GPG Is Pretty Cool
The GPG software suite is a pretty elegant cryptosystem. It provides:
A standard, well-maintained set of tools for creating and storing keys, and associating them with identities
A suite of reliable tools for encrypting, signing, decrypting, and verifying data that can be easily assembled into any combination of integrity checks, authenticity checks, and privacy management
A key distribution network that does not rely on hierarchal authority and that can be bootstrapped from scratch quickly and easily
While GPG sucks in a number of important ways, it's also the best tool we have right now for restoring privacy to private correspondance over the internet.
Pretty much every Linux distribution relies on GPG for code signing. Rather than using GPG's web-of-trust model for key distribution, however, code signing with GPG usually creates a hierarchal PKI so that the root keys can be shipped with the operating system.
This works shockingly well, and support for GPG is extremely well integrated into common package management systems such as apt and yum.
Which is basically code signing, admittedly, but even Git's support for GPG is basically great. Tools like Fossil embed it even deeper, and work quite well.
GPG's integration with email is surprisingly clever, follows a number of long-standing best practices for extending email, and does a very good job of providing some guarantees that make sense in a not-terribly-long-ago view of email as a communications medium. In particular, if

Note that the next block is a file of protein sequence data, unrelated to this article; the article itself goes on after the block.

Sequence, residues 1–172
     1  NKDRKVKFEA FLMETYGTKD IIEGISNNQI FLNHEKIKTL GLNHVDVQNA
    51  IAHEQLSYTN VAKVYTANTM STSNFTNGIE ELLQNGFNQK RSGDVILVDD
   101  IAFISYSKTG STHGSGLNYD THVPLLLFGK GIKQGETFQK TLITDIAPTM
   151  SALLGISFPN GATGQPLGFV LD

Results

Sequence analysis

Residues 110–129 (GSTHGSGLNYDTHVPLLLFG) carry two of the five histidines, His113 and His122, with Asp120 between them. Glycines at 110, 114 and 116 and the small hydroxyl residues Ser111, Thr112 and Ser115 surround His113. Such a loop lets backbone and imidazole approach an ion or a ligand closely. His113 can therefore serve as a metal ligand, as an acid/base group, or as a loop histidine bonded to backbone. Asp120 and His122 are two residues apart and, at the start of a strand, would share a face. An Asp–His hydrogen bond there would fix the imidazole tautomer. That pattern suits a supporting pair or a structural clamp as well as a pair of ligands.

- who you talk to is not a secret, and
- what, broadly, you are talking about is not a secret, but
- the specifics of the discussion are a secret, and
- all participants are using GPG on their own mailers
then GPG works brilliantly and modern GPG integration is very effective.
These assumptions pretty accurately reflect the majority of email use up through the late 90s and early 2000s: technical or personal correspondence between known acquaintences.
The internet has moved on from email for casual correspondence, but that doesn't invalidate the elegance of GPG's integration for GPG users.
Even though GPG's trust model has some serious privacy costs and concerns, it works as a great proof of concept for CA-free identity management. That's huge: centralized CAs have even more onerous costs and worse risks than GPG's trust network, while offering less transparency to help offset those costs.
Others have written some pretty interesting things on how to improve GPG's trust model and make it less succeptible to errors or key leaks by small-to-middling numbers of participants. This post to tor-talk last year is probably the most complete.